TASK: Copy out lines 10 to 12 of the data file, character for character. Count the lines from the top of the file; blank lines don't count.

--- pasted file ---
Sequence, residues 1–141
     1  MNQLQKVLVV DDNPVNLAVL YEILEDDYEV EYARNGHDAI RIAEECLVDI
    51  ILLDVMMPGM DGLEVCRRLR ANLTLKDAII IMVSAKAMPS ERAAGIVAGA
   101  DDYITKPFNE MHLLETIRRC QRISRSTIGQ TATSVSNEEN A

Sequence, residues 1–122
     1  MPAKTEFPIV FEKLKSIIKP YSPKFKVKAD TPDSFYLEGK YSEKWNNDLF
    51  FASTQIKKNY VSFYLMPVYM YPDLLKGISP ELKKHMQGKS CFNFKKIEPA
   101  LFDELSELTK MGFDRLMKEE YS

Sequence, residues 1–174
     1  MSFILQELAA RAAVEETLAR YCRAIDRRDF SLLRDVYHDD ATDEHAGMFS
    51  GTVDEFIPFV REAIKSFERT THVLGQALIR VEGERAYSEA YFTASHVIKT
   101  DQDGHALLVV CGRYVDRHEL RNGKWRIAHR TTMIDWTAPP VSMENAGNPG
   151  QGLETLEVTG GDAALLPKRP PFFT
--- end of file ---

     1  MSFILQELAA RAAVEETLAR YCRAIDRRDF SLLRDVYHDD ATDEHAGMFS
    51  GTVDEFIPFV REAIKSFERT THVLGQALIR VEGERAYSEA YFTASHVIKT
   101  DQDGHALLVV CGRYVDRHEL RNGKWRIAHR TTMIDWTAPP VSMENAGNPG